A public policy researcher studying the Marine Corps’ ban of social media sites such as Twitter and Facebook from military networks claims that it might be doing more harm than good. Chris Bronk, a research fellow at Rice University’s Baker Institute for Public Policy, said that the potential damage to soldiers’ morale by not being able to freely communicate with friends and family would likely outweigh any security benefits.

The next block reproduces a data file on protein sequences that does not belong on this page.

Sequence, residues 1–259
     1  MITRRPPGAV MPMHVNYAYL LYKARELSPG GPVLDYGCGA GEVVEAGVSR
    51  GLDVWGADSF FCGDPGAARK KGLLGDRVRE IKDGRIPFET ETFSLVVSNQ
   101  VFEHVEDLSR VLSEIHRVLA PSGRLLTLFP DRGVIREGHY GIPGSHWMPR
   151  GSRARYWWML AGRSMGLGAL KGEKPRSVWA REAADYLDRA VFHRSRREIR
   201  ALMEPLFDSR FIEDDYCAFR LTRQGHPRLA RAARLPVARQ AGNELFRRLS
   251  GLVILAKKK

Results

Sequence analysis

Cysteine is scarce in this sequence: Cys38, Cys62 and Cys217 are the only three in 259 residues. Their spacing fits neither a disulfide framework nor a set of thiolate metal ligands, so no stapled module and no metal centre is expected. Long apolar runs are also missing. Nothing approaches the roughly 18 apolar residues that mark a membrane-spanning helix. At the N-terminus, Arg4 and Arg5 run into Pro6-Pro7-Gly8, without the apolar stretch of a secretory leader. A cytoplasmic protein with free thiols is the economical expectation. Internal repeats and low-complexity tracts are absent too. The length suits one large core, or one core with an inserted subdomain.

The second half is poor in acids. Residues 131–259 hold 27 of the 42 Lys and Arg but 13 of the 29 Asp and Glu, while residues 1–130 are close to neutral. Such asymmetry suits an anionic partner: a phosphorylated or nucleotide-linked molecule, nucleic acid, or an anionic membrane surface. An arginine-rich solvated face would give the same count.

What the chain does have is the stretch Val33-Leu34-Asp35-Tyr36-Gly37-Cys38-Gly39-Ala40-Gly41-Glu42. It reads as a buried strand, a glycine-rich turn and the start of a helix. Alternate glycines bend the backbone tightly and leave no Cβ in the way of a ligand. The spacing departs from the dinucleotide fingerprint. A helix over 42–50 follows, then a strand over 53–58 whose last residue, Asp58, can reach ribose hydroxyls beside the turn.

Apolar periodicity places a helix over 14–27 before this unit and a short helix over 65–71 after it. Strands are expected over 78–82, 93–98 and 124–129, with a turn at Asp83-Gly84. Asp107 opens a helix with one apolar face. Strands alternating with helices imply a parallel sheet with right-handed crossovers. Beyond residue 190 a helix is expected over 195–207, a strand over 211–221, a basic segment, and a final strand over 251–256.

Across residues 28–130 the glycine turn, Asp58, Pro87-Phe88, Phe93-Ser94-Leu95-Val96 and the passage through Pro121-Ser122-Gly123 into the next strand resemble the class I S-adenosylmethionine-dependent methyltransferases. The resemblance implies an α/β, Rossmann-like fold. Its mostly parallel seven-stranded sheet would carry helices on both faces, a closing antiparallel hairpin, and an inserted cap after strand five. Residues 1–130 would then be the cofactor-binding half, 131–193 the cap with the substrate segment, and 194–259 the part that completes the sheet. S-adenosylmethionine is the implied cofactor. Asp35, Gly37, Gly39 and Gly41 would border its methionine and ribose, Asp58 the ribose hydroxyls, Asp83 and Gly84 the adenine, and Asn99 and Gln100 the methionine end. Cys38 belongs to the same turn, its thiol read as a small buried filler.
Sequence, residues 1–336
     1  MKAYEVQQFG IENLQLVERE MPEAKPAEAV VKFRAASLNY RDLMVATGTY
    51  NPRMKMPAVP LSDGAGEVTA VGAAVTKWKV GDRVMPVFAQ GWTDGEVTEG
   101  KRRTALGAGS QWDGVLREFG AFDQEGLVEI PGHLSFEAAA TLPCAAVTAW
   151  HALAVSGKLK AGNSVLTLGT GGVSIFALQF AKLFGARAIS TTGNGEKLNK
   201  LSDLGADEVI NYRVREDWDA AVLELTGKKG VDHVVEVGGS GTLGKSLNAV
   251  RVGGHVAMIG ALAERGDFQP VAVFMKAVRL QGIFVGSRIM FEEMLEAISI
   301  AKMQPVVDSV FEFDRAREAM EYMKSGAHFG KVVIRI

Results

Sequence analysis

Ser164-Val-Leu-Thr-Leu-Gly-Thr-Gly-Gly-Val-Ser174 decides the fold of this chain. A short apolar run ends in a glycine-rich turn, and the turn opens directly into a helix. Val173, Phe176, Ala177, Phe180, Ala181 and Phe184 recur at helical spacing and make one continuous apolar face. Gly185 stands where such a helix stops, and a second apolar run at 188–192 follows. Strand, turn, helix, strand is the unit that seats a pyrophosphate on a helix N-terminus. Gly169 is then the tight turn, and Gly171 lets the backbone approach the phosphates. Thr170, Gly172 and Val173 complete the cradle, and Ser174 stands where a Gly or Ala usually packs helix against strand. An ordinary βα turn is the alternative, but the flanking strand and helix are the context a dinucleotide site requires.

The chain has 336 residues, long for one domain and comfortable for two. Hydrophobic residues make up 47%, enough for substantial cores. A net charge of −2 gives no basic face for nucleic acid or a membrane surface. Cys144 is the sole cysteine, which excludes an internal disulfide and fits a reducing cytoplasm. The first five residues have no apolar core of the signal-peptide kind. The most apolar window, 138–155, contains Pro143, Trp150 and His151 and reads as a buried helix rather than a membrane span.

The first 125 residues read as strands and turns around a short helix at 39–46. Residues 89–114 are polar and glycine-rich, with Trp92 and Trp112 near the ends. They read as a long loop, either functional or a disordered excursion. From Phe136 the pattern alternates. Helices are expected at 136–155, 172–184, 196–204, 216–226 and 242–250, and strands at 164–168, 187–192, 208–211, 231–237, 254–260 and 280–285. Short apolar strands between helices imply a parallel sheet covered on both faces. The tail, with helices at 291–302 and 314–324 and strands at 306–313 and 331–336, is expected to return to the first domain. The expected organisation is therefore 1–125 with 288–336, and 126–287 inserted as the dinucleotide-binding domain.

“The ban is at odds with realities of the 21st-century military and, instead of keeping warfighters safer, might hinder the development of an information-sharing culture in the military while demoralizing our troops,” Bronk wrote in Federal Computer Week on Sept. 17. He also added that while security concerns have some validity, “the Marines’ ban, however well-intended, is misdirected. Even with the new policy, military personnel can still access the Web for other purposes at work and, once off the job or off duty, log on to Facebook and other social media to share information. By contrast, the benefits of social media are considerable, particularly for personnel who are continents away from their loved ones.”